Introduction to data flow analysis in QL

Overview

Data flow analysis computes the possible values that a variable can hold at various points in a program, determining how those values propagate through the program and where they are used. Many of Semmle’s built-in security queries implement data flow analysis, which can highlight the fate of potentially malicious or insecure data that can cause vulnerabilities in your code base. These queries help you understand if data is used in an insecure way, whether dangerous arguments are passed to functions, or whether sensitive data can leak. As well as highlighting potential security issues, you can also use data flow analysis to understand other aspects of how a program behaves, by finding, for example, uses of unititialized variables and resource leaks.

The following sections provide a brief introduction to data flow analysis in QL.

See the following tutorials for more information about analyzing data flow in specific languages:

Note

Data flow analysis is used extensively in path queries. To learn more about path queries, see Constructing path queries.

Data flow graph

The QL data flow libraries implement data flow analysis on a program or function by modeling its data flow graph. Unlike the abstract syntax tree, the data flow graph does not reflect the syntactic structure of the program, but models the way data flows through the program at runtime. Nodes in the abstract syntax tree represent syntactic elements such as statements or expressions. Nodes in the data flow graph, on the other hand, represent semantic elements that carry values at runtime.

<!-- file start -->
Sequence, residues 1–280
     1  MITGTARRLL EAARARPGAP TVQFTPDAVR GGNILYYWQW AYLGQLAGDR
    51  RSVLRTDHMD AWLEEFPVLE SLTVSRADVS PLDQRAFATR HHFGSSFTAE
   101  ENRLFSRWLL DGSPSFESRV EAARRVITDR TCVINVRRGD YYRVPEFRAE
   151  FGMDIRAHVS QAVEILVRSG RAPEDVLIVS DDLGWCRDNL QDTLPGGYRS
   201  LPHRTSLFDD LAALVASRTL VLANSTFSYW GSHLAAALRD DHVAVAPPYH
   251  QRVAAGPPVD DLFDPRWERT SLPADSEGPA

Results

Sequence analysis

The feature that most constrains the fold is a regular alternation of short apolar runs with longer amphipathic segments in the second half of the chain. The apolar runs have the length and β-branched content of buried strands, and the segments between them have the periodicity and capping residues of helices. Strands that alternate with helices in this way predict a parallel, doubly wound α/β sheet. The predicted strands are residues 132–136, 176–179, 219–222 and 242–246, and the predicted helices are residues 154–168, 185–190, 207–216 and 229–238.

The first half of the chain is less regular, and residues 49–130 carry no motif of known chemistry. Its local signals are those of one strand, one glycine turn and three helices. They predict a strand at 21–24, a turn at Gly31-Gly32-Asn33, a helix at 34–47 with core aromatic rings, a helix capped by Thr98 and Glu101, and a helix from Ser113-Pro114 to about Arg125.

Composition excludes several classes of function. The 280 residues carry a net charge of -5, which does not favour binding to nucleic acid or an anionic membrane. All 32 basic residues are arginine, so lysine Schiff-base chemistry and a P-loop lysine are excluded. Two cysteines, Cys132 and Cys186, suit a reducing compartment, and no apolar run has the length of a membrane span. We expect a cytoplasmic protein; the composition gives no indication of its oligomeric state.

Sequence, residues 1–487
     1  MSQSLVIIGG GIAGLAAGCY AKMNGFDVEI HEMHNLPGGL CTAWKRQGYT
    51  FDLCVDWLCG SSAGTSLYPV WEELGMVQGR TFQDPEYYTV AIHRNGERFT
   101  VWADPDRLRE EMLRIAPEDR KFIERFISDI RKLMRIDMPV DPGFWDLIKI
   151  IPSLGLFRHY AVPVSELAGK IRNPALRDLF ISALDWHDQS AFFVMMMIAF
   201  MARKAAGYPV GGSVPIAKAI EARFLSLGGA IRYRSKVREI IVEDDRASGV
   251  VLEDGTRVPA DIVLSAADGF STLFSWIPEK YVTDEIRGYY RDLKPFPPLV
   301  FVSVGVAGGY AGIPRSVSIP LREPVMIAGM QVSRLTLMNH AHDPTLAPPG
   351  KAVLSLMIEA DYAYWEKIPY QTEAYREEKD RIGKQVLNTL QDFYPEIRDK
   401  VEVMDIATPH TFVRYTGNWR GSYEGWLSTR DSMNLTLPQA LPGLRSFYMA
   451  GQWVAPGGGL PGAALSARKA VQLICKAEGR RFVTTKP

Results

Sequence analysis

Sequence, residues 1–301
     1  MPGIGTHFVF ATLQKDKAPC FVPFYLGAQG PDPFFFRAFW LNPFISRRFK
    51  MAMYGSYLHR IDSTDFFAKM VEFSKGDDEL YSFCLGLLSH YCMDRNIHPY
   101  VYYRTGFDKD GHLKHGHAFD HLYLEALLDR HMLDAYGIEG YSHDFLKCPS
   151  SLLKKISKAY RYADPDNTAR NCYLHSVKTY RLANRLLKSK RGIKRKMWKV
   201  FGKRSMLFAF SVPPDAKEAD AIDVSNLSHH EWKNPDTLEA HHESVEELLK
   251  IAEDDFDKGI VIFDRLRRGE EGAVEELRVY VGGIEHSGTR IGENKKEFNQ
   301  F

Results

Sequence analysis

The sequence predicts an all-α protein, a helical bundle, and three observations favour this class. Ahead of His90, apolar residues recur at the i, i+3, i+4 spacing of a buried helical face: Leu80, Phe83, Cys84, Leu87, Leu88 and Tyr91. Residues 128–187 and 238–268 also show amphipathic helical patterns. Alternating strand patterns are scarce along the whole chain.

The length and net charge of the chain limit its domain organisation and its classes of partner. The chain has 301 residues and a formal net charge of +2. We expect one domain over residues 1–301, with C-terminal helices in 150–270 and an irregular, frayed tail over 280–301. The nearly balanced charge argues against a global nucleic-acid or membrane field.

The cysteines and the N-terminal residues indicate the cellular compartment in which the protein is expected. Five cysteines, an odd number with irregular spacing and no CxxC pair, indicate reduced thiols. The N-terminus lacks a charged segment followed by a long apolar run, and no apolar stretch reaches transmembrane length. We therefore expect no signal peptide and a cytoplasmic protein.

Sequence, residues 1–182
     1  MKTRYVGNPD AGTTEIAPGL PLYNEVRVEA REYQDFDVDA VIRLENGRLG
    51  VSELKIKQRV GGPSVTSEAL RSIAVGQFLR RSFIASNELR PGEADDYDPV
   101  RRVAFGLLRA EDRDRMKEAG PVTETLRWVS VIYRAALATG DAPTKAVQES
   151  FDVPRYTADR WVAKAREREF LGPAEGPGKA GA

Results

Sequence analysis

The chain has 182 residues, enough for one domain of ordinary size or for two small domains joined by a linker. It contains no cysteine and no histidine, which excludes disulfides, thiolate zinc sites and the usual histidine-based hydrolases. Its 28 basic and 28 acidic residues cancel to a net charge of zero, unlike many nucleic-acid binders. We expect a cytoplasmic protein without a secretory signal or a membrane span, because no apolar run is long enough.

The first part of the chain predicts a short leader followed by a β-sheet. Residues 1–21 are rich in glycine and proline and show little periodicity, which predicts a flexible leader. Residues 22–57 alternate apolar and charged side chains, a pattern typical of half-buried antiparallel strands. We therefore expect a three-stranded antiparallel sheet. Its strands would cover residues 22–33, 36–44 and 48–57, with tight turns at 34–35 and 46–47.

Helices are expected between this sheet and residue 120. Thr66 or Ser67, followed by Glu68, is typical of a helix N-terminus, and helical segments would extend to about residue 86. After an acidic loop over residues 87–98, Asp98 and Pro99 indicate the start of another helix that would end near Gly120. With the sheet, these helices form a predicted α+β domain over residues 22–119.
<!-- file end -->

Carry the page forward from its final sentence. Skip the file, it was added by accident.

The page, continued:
Some AST nodes (such as expressions) have corresponding data flow nodes, but others (such as if statements) do not. This is because expressions are evaluated to a value at runtime, whereas if statements are purely a control-flow construct and do not carry values. There are also data flow nodes that do not correspond to AST nodes at all.

Edges in the data flow graph represent the way data flows between program elements. For example, in the expression x || y there are data flow nodes corresponding to the sub-expressions x and y, as well as a data flow node corresponding to the entire expression x || y. There is an edge from the node corresponding to x to the node corresponding to x || y, representing the fact that data may flow from x to x || y (since the expression x || y may evaluate to x). Similarly, there is an edge from the node corresponding to y to the node corresponding to x || y.

Local and global data flow differ in which edges they consider: local data flow only considers edges between data flow nodes belonging to the same function and ignores data flow between functions and through object properties. Global data flow, however, considers the latter as well. Taint tracking introduces additional edges into the data flow graph that do not precisely correspond to the flow of values, but model whether some value at runtime may be derived from another, for instance through a string manipulating operation.